Anger over plan for charity to run Norfolk museums

Taking Norfolk's museums out of direct public control and handing them to a specially created charitable trust could be the only way to save them from cuts, consultants have concluded.

But the recommendation to Norfolk County Council by legal firm Winckworth Sherwood has been branded as 'shameful' by critics.

It emerged in the summer that the county council was considering the future of the museum service, which is currently jointly run by the county and district councils.

The council had commissioned consultants to come up with suggestions for the future of the museum service. Options considered were to set up a charitable trust to run the museums, to maintain the current system, to create an arms length company owned by the county council or to appoint a private contractor to run the museums.

Their report, which concluded the creation of a charitable trust to run the museums, is the best way to safeguard the service, was issued to councillors yesterday.

The consultants say the move could help protect the service at a time of public spending cuts by allowing it to look for new sources of funding not currently available under the existing set-up.

The report says such a move would save �160,000 a year and could pave the way for partnerships with museums in Colchester and Ipswich.

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The consultants' report said the charity would consist of elected members appointed by the county council and joint museums committee, along with 'community representatives with a range of business, finance, legal, marketing and heritage skills.'

The buildings would still belong to the councils, but would be leased at a peppercorn rent.

The report stated: 'Norfolk Museums and Archaeological Service has an outstanding record of achievement working closely with the city council and district councils to create a thriving museum and heritage service.

'However, maintaining this service at the same high level in the short to medium term will be difficult. These are discretionary services and during the period of significant pressure on local authorities, could potentially suffer disproportionately from budget cuts. The long term viability of the service is, therefore, threatened.'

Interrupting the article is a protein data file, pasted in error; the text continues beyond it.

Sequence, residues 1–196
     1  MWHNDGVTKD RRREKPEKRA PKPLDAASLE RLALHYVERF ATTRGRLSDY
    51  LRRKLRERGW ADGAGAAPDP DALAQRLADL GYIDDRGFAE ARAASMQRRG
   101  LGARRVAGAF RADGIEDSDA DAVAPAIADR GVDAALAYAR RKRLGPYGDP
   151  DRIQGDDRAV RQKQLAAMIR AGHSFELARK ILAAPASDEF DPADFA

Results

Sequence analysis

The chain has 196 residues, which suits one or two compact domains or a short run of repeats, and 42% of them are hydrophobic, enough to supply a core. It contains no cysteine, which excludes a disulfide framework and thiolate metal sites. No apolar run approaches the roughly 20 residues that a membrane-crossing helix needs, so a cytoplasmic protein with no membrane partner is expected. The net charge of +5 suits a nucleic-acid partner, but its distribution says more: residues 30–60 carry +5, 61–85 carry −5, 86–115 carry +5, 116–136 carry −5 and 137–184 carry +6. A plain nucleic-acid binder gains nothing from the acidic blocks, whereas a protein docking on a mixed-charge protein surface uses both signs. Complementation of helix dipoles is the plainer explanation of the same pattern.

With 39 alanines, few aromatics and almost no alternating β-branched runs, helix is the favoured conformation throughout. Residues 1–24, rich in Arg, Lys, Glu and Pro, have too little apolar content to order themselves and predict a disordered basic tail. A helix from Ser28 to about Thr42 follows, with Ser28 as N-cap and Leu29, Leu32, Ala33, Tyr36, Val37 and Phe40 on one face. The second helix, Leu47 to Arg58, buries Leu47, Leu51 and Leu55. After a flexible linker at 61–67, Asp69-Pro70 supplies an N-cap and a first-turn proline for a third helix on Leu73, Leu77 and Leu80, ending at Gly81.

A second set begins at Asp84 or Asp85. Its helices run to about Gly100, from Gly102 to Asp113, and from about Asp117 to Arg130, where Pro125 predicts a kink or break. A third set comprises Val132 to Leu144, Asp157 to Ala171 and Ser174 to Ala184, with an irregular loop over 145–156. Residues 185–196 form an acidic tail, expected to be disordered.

But critics fear the service is being taken away from the public, with accountability reduced.

In the summer, County Hall Labour leader George Nobbs, David Bradford, chairman of the Norwich area museum's committee and Rory Quinn, an executive member of the Friends of Norfolk Museums, wrote a joint letter criticising the plans to hand over 'greatly prized local public museums to an autonomous trust.'

The letter said the museums belong to local citizens through their local councils and were 'never intended to be the preserve of a self-selecting elite body sitting as trustees and answerable to no-one very much - apart from themselves.'

Mr Nobbs said last night that his concerns remained, with the consultants' report not making clear what proportion of the proposed charity board would be elected councillors.

He said: 'It's shameful. The lack of detail speaks volumes as to what our role on this board would be. I, and others, have been concerned from the outset that the only freedom the supporters of this scheme are seeking is freedom from the democratic process.

'I doubt this is what people like Russell Colman had in mind when they donated thousands of pictures to the museum service.

'The control of the museums should not be the preserve of a number of do-gooders. These collections are the birth right of every man, woman and child in Norfolk. Once it's a trust it will be a trust forever. People in the future will ask how this was allowed to happen.'

James Carswell, cabinet member for cultural services at Norfolk County Council, stressed a decision had yet to be made.

But he said: 'In the current financial climate, where there is considerable and unprecedented pressure on all public services, local authorities need to explore new ways of working because there simply isn't enough public money to go round.

'It is absolutely right that we do everything we can to maintain our vibrant and much-loved museums' service, and give it every opportunity to grow and prosper in the future, despite the poor state of the nation's finances.'

The issue will be discussed with other councils later this week and will come before the joint museums committee on Friday, January 13.

Mr Carswell said: 'By circulating the report now we hope everybody will have plenty of time to let us know their views. Any decisions will be made in full public view by elected members.

'All of us in Norfolk value our heritage, the much-loved historic buildings and the collections they house, which is why our visitor figures and schools attendance are amongst the highest for all county museum services in England.

'Now is the time for us to pull together to come up with a solution because it is essential that whatever decision is reached, it is the right decision for the people of Norfolk; right for today, and right for the next generation who deserve a museum service that is not only fit for purpose but truly showcases our county and its wonderful history, captures our hearts and imaginations, as it does today, and provides a proper and fitting legacy for the future.'

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